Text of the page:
In the second reading from Paul, he tells the Corinthians and us that we aren’t required to offer sacrifice anymore because of Jesus’ life, death and resurrection which have been to reconcile us before our loving God who has loved us in a prodigal way—always! All that the Creator asks in return is that we be reconciled with the rest of creation—that we would honestly strive to be people of peace, love, joy, mercy and justice.  To listen to one of the candidates running for the highest office in our country this year, you wouldn’t believe that this in on his mind at all.  Equally disturbing is that his message is being accepted by many!

And that is the hardest lesson about reconciliation rather than aggression.  But in seemingly hard times in our lives when we are faced with evil versus good—truth , it is good to remember the facts of the Gospel story. The returning prodigal realizes what he has done and with the realization of wrong-doing, comes the desire to make a change in his life. Until one comes to that conclusion, there is little that can be done in our Church or elsewhere in our world.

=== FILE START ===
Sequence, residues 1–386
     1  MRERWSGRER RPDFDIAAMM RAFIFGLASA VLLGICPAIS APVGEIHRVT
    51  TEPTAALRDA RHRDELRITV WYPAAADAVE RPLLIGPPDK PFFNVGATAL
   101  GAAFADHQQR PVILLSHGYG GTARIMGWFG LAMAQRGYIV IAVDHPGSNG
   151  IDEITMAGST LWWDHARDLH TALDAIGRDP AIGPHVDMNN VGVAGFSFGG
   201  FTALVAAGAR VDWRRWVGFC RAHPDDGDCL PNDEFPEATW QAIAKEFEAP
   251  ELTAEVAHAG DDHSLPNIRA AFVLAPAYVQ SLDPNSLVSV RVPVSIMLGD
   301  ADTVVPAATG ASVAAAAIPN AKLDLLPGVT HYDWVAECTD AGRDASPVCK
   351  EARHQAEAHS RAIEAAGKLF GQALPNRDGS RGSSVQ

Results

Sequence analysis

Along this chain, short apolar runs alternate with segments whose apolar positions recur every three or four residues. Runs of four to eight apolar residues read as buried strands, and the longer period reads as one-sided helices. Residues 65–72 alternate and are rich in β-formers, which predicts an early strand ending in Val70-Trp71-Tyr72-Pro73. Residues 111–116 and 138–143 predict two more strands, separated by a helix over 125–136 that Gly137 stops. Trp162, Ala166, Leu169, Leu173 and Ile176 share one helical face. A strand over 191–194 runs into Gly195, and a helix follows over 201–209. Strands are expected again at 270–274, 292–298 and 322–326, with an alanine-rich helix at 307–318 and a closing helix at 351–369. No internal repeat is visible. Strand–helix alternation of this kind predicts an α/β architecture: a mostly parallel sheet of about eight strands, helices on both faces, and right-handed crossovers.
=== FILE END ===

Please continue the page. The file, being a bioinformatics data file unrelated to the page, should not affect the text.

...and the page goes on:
Love is hard work and there simply is no way around it—love calls us to do the right thing even when it would be so much easier to forget the wrong-doing, and take the easy way out.  We must remember that the rejoicing is over the prodigal’s return with the understanding of a need to change, not the enabling of continued bad behavior. Taking one back, giving them another chance, simply allows for the change to happen.

What Jesus is trying to teach us today is that our God loves us enough to call us to repentance—to be our best selves and when we choose that as the prodigal son did in the story today, that is reason to rejoice.  Hopefully, the men in our Church who wish to be our leaders would hear the message of Jesus when they read the story of the Prodigal this weekend. That is my prayer for them and our Church.

Our Lenten task today and this next week might be to reflect on the gracious goodness of God in our lives—of the times, but for the strength of God, we would have floundered.  We all know of God’s love through the concrete examples of love shown us by family members and friends. As we remember the gracious goodness extended to us, let us my friends, extend that goodness forward to all in our lives.